Lericolais Gilles

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    The co-evolution of Black Sea level and composition through the last deglaciation and its paleoclimatic significance
    ( 2006-01-28) Major, Candace O. ; Goldstein, Steven L. ; Ryan, William B. F. ; Lericolais, Gilles ; Piotrowski, Alexander M. ; Hajdas, Irka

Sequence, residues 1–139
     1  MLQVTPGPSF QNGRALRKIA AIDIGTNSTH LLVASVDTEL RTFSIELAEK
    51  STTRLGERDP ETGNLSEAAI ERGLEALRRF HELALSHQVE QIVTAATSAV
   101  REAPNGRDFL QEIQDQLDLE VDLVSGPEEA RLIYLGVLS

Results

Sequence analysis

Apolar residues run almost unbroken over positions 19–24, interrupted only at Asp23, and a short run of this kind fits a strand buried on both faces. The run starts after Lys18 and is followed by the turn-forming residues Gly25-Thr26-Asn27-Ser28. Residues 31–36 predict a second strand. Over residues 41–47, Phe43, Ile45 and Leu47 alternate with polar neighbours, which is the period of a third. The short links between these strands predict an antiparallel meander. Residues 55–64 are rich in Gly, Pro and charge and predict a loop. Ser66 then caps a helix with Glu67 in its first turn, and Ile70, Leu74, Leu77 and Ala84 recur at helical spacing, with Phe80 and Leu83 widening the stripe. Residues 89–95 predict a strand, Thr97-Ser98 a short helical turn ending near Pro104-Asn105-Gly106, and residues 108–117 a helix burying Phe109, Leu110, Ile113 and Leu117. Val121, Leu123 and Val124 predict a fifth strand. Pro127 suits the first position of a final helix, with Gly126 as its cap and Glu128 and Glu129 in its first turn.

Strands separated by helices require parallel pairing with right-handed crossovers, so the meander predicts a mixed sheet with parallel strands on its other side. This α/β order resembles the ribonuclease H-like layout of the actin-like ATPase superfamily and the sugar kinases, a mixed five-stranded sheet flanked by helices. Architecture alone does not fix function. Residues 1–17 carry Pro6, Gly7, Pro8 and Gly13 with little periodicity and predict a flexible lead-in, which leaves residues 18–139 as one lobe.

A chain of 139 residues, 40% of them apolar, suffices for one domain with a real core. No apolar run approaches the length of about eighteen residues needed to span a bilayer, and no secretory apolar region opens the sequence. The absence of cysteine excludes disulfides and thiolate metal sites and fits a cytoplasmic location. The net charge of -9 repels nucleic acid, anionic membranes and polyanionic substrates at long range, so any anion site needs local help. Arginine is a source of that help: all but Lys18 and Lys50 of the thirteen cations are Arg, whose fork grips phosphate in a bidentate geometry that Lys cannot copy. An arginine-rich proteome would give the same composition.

The strontium and oxygen isotopic compositions of carbonate shells are a measure of the water delivered to the Black Sea lake since the last glacial maximum. Commencing at ~18 ka BP cal with the arrival of substantial meltwater from the Alpine and northern European ice sheets and overflow via the Caspian Sea from the disintegrating Siberian ice cover, the 87Sr/86Sr ratio rose rapidly from a glacial minima around 0.7087 to reach a set of peaks near 0.7091 in layers of conspicuous reddish-brown clay with a mineralogy of Eurasian provenance. The 87Sr/86Sr ratio oscillates between high in the red-brown layers to low in interbedded gray clays with glacial era mineralogy, indicative that the meltwater came in pulses. On the other hand, the rise of the δ18O ratio from glacial low values of -7 per mil was delayed until15.2 ka BP cal, after the last meltwater pulse. The rising δ18O of the Black Sea lake corresponds with two episodes of calcite precipitation whose interruption corresponds to the Younger Dryas cold period. During each interval of calcite precipitation the δ18O increased a further 2 per mil, without variation in the 87Sr/86Sr composition. During cooling the 87Sr/86Sr ratio trended back toward its glacial value with little change in the δ18O. The disparity between the Sr and O isotope behavior demonstrates that δ18O is not simply a signal of end-member mixing, but instead the δ18O record reflects changes in atmospheric moisture delivered to the Black Sea watershed. At 9.4 ka BP cal the 87Sr/86Sr composition shifted to that of the global ocean and remained there to the present. Since lake water is significantly depleted in strontium relative to seawater, any earlier leakage from the Mediterranean should have left a corresponding signal.